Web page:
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Posted on August 15, 2016 at 3:14 PM

One of the key tenets of
reproductive autonomy is being able to control if, when, and with whom one
reproduces. Men’s reproductive autonomy is inhibited by the lack of good
contraceptive options available to them. Whereas women have 11 types of contraceptives—including
barrier, hormonal, permanent, and long-acting reversible—men only have two
types—the male condom, a barrier method, and vasectomy, a permanent method. It
is not just the number of methods that is problematic; it is also the lack of long-acting
reversible contraceptives (LARCs). Many men want to maintain their future
fertility, thus ruling out vasectomy, but do not want to rely on condoms,
especially if they are in a long-term monogamous relationship. While part of
the reason some men do not like condoms is because they can decrease sexual
sensation, another reason is that the failure rate for actual use is so high:
17%. Female LARCs, in contrast, have much lower failure rates for actual use,
which enhances their reproductive autonomy because they are equipped with effective
methods to enact their reproductive desires (i.e. avoiding pregnancy).

The lack of male LARCS causes some
men to rely upon their female partner to contraceptive since she has more and
better contraceptive options. Yet this dependence on his partner may also
comprise his reproductive autonomy because he has to trust that she is
consistently and correctly using female methods. If she does become pregnant,
he has no recourse and, in many settings, is legally responsible for any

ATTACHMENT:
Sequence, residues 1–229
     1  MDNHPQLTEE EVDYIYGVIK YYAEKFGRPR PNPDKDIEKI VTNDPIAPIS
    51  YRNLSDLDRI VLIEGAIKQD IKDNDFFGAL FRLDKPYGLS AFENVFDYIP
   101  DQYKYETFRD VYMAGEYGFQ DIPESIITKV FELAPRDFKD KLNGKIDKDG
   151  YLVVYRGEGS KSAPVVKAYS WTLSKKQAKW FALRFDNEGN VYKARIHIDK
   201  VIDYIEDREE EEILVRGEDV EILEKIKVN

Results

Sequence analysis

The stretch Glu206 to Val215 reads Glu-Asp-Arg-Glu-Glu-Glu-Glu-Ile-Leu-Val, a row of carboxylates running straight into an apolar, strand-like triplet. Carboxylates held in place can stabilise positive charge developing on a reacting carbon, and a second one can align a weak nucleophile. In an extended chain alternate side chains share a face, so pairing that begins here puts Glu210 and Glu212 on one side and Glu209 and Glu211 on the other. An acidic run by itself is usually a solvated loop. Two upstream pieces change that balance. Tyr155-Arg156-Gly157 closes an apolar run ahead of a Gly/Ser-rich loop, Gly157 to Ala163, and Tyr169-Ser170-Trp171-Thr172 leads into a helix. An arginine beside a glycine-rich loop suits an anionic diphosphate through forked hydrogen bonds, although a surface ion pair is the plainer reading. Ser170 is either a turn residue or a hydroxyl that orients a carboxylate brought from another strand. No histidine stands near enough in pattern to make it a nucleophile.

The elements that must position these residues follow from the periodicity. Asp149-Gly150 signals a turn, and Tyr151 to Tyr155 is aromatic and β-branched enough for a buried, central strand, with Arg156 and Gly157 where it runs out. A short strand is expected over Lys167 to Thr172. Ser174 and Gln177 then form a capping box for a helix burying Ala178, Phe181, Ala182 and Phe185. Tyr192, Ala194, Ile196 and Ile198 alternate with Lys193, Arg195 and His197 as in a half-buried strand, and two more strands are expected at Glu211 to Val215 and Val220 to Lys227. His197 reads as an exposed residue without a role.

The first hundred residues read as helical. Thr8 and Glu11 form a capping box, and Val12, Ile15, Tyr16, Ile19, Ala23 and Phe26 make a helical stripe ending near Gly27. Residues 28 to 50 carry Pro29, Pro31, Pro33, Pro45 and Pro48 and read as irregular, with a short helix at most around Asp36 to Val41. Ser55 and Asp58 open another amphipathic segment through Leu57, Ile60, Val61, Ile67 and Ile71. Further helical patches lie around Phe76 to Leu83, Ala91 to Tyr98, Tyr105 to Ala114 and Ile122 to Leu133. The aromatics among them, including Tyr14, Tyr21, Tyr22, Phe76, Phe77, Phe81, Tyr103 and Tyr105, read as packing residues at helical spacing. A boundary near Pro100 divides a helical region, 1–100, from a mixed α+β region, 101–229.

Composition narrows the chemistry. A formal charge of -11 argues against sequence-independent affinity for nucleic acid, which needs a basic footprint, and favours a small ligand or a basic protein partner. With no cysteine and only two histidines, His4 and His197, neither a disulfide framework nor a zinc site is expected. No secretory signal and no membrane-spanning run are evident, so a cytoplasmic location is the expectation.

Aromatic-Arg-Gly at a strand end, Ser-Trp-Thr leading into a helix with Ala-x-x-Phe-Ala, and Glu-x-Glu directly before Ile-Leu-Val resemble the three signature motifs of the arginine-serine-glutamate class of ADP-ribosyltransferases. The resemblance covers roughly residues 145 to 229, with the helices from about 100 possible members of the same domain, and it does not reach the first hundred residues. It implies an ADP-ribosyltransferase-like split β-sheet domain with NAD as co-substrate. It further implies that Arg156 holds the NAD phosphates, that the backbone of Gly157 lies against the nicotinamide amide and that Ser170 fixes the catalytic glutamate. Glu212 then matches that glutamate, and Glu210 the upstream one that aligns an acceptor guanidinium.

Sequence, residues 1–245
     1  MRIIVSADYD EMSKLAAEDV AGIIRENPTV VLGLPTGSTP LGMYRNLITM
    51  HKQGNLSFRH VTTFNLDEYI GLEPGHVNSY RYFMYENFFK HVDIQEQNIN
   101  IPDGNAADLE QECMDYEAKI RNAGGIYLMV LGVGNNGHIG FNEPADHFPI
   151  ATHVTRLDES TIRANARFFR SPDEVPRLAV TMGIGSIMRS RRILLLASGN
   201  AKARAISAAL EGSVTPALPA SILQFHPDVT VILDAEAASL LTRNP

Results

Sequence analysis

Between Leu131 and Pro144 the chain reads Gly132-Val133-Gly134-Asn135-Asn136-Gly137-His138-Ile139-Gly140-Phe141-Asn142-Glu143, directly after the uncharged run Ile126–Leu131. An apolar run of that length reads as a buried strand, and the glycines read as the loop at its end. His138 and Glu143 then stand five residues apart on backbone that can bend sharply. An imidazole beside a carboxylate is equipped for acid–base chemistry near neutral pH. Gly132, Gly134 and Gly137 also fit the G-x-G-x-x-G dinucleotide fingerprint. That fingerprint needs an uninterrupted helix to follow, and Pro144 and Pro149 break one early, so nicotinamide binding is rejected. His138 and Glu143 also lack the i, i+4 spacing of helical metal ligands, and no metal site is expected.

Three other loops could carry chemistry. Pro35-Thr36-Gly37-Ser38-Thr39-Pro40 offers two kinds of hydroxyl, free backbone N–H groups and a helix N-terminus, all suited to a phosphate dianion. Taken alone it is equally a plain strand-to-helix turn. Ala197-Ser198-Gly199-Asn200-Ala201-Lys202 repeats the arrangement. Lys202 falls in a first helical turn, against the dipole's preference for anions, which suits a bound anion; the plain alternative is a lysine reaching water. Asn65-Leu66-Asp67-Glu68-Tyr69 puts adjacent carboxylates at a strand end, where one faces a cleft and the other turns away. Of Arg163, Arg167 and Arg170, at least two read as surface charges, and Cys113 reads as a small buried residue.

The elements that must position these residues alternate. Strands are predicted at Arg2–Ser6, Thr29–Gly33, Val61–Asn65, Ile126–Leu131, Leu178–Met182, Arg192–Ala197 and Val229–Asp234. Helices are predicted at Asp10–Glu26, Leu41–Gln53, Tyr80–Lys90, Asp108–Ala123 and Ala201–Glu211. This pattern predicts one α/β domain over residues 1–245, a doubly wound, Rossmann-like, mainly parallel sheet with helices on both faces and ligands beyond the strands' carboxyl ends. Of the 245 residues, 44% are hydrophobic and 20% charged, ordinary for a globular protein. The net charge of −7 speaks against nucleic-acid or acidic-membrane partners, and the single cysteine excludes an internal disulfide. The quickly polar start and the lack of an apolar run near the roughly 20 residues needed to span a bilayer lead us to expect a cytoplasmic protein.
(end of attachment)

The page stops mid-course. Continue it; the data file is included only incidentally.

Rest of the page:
offspring, including financial and even social obligations to the child.

Placing the majority of
contraceptive responsibility on women due to the lack of male methods is not just
bad for men; it is also bad for women. Women have to shoulder the health-related
side effects of contraception, which tend to have more serious side effects
than male methods because they include hormonal methods. Not surprisingly then,
the most common reason for nonuse of modern contraceptives among women with an
unmet need is health concerns and side effects. Additionally, side effects are
the most cited reason why women discontinue contraceptives and most forms of
contraception have discontinuation rates near 50% after one year of use. The
fact that women continue to use a particular method does not mean she is happy
with it; she (and her partner) may simply see it as their best option among
poor choices.

In addition to the health related
side effects of contraception, there are also the financial burdens of
contraception. In the US, although the Affordable Care Act requires health insurance
companies to cover female contraceptives, not all women are aware of this and
very few women realize that certain forms of contraceptive, such as IUDs and
tubal ligation, are covered. Even if the cost of contraception is covered,
women still have to invest the time to acquire contraception: all methods
except the female condom and the sponge require at least one health care
provider visit and hormonal methods require an ongoing prescription. In the
global South, women may face difficulty affording contraception, especially if
their government does not prioritize reproductive health services.

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